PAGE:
CC4E seeks new school district demographics report
Steamboat Springs — The group studying the facilities needs of the Steamboat Springs School District voted Tuesday to move forward with hiring a Denver Public Schools demographer to conduct a new district demography report.
The Community Committee for Education, or CC4E, is hopeful the district will cover the $3,120 cost, plus potential travel expenses, to hire Jim Looney, who is the Denver Public Schools manager of planning.
Looney would provide a five-year kindergarten through 12th grade forecast and study the number of students associated with various housing types and locations.
Committee members are interested in comparing the report to a 2014 report prepared for the district by Western Demographics.
“I think it’s valuable to have a second opinion,” said CC4E member Kevin Sankey.
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CC4E members have questioned the methodology used by Western Demographics to project kindergarten classes.
Superintendent Brad Meeks said he would communicate the committee’s vote to the school board at its meeting Monday and get direction on whether the district would pay for the new report.
Committee members indicated the initial report from Looney would include only forecasted enrollment, but they would likely re-hire Looney in the future to do a more extensive analysis of district growth, depending on the results of his first report.
“We may very well have additional expenses coming,” said CC4E member Karen McRight.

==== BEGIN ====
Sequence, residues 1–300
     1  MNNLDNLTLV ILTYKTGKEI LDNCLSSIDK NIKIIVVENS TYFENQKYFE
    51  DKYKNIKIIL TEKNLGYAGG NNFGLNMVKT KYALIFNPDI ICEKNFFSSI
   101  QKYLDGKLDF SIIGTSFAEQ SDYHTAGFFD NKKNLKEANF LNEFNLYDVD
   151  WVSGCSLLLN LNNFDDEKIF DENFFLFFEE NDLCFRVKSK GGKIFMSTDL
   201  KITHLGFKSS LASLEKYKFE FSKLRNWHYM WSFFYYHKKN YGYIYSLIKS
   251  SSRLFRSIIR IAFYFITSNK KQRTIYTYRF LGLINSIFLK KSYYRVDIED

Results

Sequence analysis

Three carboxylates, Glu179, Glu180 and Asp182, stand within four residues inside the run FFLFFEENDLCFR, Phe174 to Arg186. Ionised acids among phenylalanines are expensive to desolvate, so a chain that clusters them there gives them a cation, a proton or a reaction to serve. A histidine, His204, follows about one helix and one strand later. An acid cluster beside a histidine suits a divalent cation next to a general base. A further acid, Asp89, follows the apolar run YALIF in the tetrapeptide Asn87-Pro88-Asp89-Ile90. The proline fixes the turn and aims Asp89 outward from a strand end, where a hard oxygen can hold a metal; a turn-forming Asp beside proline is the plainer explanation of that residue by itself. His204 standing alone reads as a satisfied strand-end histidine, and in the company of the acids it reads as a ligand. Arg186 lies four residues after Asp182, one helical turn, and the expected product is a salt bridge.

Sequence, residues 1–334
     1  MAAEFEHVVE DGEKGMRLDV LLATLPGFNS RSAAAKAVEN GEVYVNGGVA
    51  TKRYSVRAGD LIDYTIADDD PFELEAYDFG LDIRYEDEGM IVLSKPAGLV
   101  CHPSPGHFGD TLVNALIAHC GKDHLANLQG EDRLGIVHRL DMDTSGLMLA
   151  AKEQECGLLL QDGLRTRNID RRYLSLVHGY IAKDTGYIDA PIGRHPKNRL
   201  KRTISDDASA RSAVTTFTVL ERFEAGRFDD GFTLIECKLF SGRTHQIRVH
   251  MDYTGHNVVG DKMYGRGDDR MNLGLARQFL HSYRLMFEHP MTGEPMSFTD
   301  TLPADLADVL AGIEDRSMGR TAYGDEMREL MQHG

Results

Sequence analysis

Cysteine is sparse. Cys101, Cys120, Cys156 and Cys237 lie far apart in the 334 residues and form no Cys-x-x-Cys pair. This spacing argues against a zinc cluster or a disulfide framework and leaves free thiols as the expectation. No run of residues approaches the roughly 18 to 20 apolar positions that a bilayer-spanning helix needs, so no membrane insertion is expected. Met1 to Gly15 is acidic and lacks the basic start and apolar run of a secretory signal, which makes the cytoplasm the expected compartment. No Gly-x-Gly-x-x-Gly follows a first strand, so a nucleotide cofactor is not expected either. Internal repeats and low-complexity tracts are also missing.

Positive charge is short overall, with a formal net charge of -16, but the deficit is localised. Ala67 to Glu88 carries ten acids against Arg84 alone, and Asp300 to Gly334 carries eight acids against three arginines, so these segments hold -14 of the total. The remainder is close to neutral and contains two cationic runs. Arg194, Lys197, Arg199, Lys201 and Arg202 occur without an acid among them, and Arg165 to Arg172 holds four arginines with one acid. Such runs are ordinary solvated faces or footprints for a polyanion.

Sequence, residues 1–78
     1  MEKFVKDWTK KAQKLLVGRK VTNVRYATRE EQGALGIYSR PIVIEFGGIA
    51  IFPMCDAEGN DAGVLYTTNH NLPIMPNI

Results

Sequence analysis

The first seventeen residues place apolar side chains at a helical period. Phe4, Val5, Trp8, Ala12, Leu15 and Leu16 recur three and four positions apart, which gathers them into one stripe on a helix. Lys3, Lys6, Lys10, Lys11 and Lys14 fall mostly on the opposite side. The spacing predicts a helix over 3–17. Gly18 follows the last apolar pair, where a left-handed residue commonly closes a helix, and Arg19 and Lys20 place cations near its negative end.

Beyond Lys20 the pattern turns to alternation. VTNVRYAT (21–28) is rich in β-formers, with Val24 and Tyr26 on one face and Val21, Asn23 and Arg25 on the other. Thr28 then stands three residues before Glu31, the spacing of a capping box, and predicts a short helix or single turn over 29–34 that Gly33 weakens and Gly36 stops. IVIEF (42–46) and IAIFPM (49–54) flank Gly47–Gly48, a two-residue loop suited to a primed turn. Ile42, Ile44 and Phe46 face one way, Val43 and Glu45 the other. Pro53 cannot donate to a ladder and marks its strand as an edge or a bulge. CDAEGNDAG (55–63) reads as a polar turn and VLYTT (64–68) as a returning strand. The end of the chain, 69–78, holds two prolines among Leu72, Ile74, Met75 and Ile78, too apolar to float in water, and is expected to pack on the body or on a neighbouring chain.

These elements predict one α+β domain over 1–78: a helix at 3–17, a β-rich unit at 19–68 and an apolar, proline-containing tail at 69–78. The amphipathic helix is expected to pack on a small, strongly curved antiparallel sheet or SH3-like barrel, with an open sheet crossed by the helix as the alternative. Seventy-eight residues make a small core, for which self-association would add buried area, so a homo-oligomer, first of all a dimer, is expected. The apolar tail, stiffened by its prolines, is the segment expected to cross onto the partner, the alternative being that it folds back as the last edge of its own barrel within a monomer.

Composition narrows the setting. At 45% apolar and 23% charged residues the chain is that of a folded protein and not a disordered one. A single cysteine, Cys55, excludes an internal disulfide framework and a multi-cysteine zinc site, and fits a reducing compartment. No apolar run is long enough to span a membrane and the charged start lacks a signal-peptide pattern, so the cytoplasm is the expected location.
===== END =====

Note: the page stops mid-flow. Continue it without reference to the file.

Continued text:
All CC4E members present at Tuesday’s meeting voted in favor of the report, other than Routt County Planning Department Director Chad Phillips, who abstained, citing his absence from many recent meetings.
Several absent committee members also cast “yes” votes via email or phone message prior to the start of the meeting.
Also during Tuesday’s meeting, Sankey updated the committee on the work of the group’s facilities task force, which is reviewing possible future facility sites and assessing current district buildings.
Sankey and CC4E member Chris Johnson recently visited a Utah charter school that was built using nearly the same floor plan as Heritage Christian School west of Steamboat.
Sankey said the school had been renovated for $1.2 million and now held nearly 500 students, although he said he believed the school could hold more than 400 even before a recent addition was completed.
The tour of the building made Sankey view the former Heritage Christian School building in a new light, he said.
“It was really enlightening and really fascinating,” Sankey said.
Heritage Christian School building owners last year offered to sell the building to the district for $9.8 million.
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